Regarding the errors, the Post quotes testimony offered to Congress by Deputy Attorney General James Cole. In a hearing, Cole said, “Every now and then, there may be a mistake.”
Just how occasional were these mistakes made? Over 2,000 times. As the Post reports:
The NSA audit obtained by The Post, dated May 2012, counted 2,776 incidents in the preceding 12 months of unauthorized collection, storage, access to or distribution of legally protected communications. Most were unintended. Many involved failures of due diligence or violations of standard operating procedure. The most serious incidents included a violation of a court order and unauthorized use of data about more than 3,000 Americans and green-card holders.
In response to questions put to the NSA by the Washington Post, an unnamed NSA official speaking with permission of the president, issued a statement insisting that the agents at the NSA attempt “at the earliest possible moment, implement mitigation measures wherever possible, and drive the numbers down.”
“We’re a human-run agency operating in a complex environment with a number of different regulatory regimes, so at times we find ourselves on the wrong side of the line,” the anonymous “senior official” added.
At times, the Washington Post’s language sounds less incriminating and more exculpatory. For example, the article claims “There is no reliable way to calculate from the number of recorded compliance issues how many Americans have had their communications improperly collected, stored or distributed by the NSA.”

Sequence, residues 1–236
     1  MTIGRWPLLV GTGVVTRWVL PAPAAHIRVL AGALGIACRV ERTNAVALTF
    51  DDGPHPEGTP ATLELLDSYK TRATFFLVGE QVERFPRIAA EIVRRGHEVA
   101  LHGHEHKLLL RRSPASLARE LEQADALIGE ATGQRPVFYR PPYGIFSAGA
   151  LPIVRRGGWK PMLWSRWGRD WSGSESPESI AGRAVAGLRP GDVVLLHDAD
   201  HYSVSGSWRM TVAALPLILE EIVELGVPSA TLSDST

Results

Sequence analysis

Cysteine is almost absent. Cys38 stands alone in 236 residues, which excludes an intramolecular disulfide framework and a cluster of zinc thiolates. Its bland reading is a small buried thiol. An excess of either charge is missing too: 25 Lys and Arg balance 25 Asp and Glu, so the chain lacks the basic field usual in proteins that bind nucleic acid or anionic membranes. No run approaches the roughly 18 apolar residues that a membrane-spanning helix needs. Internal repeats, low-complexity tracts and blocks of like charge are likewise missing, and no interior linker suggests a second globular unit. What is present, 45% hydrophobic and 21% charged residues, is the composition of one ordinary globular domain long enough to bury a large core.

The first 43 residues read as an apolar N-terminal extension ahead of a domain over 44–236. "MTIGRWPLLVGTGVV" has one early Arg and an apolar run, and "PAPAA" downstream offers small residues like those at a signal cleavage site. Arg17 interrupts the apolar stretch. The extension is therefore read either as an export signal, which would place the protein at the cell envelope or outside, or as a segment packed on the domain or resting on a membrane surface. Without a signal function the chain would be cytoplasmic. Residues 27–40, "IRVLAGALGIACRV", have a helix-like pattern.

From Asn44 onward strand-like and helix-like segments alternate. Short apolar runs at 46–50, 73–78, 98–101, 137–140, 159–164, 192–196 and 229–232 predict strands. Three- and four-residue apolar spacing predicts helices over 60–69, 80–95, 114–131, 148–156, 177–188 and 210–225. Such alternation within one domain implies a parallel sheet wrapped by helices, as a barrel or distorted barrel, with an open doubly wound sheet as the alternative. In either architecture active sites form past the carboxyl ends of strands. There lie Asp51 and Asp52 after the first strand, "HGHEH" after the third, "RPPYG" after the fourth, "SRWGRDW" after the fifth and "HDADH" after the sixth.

It seems incredible that an agency with technology capable of capturing, recording, cataloging, and collating hundreds of millions of phone calls, texts, e-mails, social media posts, and every other form of digital communication would be unable to calculate how many times it violates the law and the Constitution.
In fact, given that all of the surveillance is accomplished with computers (otherwise there would be no Edward Snowden), it strains the limits of credulity to believe that every instance of unwarranted surveillance isn’t tracked and tallied.
Of course, managers of the monitors have hidden behind mathematical shortcomings before.
In July of 2011, and again in May 2012, Senators Mark Udall (D-Colo.) and Ron Wyden (D-Ore.) wrote a letter to Director of National Intelligence James R. Clapper, Jr., asking him a series of questions regarding the activities of the NSA and other intelligence agencies regarding domestic surveillance.
In one of the questions, Senators Udall and Wyden asked Clapper if “any apparently law-abiding Americans had their communications collected by the government pursuant to the FISA [Foreign Intelligence Surveillance Act] Amendments Act” and if so, how many Americans were affected by this surveillance.
Regarding the Wyden-Udall inquiry, in a letter dated June 15, 2012, I. Charles McCullough III informed the senators that calculating the number of Americans who’ve had their electronic communications “collected or reviewed” by the NSA was “beyond the capacity of his office" and dedicating sufficient additional resources would likely impede the NSA’s mission.